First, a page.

As for the attachment of the two screws, these do not grip directly on the wood but on the PCB which in turn is supported by four screws directly on the wood. I considered putting inserts on the four screws but this would take more space on the PCB than there is. So I'll just try to make them as resistant as possible by reminding anyone who would one day use the case that it was not designed to be taken apart and reassembled dozens of times. In any case, it will always remain an artisanal product that I will probably be able to sell exclusively for aesthetic use. Using it or not will be a personal choice that can only be made if fully aware of the risks but my greatest interest remains that of making it a "working" product.
What really obsesses me is finding a good way to secure the top, currently I have absolutely nothing foreseen so it can tend to open up a bit like it often does with the original after it takes a hit. Any idea about it?



I want to apologize for the poor English poem but I hope I have answered all the questions and not bored you too much :)
 

arb

Semi shaved ape
First of all...thanks! Receiving positive feedback is always pleasant, I spend lot of time on it and I really hope to get the result I want.
To choose the finish I was inspired by similar products such as cutting boards and pipes, I wanted something that would help me protect the wood from humidity and dirt. Carnauba wax has a high melting point which could be useful in order to last longer. Both mineral oil and wax should be food grade. I start taking all first measurement with a Vernier caliper, it was not that easy but little by little I was able to fix it. Here is a photo of my "mistakes"



I would also like to answer about the possibility of sharing the model. This project has cost me a lot of work and will probably require more. The realization is not very difficult if you start from the right model but this represents 95% of the work. I have received dozens of requests regarding the possibility of buying the wooden housing, I am a beginner in this job but I hope to turn this passion into something profitable especially because in this way I will be able to afford better equipment and increasingly challenging creations. I wanted to be super honest, I hope you understand my point. Thank you again for the compliments :)




I want to thank you so much for your comment. Receiving a criticism from a qualified person like you is certainly of great value, it usually pays to have such an opinion. In addition, receiving compliments on aesthetics from those who have certainly seen and produced many things is very gratifying.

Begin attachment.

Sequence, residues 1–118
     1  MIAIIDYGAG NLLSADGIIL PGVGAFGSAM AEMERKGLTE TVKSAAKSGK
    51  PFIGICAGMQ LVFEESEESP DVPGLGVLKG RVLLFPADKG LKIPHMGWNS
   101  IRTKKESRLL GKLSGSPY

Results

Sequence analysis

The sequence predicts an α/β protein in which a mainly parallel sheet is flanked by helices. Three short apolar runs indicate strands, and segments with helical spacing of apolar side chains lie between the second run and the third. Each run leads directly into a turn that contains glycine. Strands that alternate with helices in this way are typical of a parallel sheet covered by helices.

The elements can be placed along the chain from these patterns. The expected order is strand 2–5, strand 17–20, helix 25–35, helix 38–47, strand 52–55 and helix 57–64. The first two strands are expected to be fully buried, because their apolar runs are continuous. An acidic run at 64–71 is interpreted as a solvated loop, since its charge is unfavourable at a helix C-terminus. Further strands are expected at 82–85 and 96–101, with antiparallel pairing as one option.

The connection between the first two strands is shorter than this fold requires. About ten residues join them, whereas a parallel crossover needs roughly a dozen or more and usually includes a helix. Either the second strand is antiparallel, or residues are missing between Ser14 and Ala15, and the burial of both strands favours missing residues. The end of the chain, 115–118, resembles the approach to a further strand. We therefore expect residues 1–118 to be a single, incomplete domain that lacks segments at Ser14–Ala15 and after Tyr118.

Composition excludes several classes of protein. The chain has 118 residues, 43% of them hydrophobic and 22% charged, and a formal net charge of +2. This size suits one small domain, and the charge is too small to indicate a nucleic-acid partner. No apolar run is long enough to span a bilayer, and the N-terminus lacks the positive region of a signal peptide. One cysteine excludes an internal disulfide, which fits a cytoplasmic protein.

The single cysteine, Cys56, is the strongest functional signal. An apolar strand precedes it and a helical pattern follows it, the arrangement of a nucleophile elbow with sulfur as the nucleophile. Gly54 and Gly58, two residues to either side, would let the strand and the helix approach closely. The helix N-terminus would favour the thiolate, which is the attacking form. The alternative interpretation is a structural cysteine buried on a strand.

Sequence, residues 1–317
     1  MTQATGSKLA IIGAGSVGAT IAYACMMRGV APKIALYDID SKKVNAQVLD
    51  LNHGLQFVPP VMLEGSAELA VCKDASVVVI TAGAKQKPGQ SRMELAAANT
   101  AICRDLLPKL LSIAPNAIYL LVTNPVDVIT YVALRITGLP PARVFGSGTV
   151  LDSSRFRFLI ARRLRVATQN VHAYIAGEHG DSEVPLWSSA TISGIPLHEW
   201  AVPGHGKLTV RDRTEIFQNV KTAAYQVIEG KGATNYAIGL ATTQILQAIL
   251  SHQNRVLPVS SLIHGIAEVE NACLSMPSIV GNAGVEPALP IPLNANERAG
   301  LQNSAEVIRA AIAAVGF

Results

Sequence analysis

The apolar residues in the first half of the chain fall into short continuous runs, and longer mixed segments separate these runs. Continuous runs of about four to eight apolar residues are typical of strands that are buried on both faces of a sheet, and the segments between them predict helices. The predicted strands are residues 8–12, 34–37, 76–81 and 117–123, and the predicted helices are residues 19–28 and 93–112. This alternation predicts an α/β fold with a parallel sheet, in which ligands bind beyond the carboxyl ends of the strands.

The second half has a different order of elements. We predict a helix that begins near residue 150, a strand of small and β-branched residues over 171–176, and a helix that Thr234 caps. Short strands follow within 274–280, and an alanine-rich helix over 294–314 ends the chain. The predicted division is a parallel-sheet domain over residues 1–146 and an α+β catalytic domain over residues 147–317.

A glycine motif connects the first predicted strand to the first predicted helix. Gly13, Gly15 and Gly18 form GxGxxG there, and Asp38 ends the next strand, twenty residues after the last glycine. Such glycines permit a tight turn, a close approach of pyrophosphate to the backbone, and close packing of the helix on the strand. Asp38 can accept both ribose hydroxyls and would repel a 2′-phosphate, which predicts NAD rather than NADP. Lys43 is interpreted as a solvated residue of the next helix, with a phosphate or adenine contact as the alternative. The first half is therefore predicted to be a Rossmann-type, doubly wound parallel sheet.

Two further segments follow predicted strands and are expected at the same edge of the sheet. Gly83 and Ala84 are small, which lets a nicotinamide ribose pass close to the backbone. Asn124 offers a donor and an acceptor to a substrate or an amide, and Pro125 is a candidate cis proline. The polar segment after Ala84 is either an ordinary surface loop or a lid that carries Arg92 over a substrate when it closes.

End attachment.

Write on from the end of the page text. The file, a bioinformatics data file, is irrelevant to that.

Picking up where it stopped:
But now let's talk about what interests me most, which is the possible problems. I find all the observations you have made valid, even I have often thought about them and these are my current conclusions.

Drastically changing the design would expose me to the possibility of drastic errors. As I spent time studying the Mighty I could understand a lot of the design choices they made. Revolutionizing the design of the product would be as beautiful as it is complicated especially for me who are alone and beginners. In addition, it is not said that what is good for me may also be good for other owners of this device who may be very fond of the original design. Precisely for this reason I decided to try to improve the original model trying not to disturb the balance between wanting to reinforce the weak parts and avoiding that the addition of material can turn into a thermal bridge, thus ensuring that the heat you pass too easily from the heating chamber to the electronics. I have made some changes to the parts that have broken in my old case, if I understand the point that you are concerned about the plastic has not broken there but to the thin wing to which it was anchored. For this reason I made it thicker, to evaluate the effectiveness of the changes and the performance on the wood I thought it might be interesting to block the vaporizer and hang some weight on the cooling unit until it breaks the wooden housing in order to find out how much it resists, how and where it breaks down reached excessive weight. Could it be a good idea?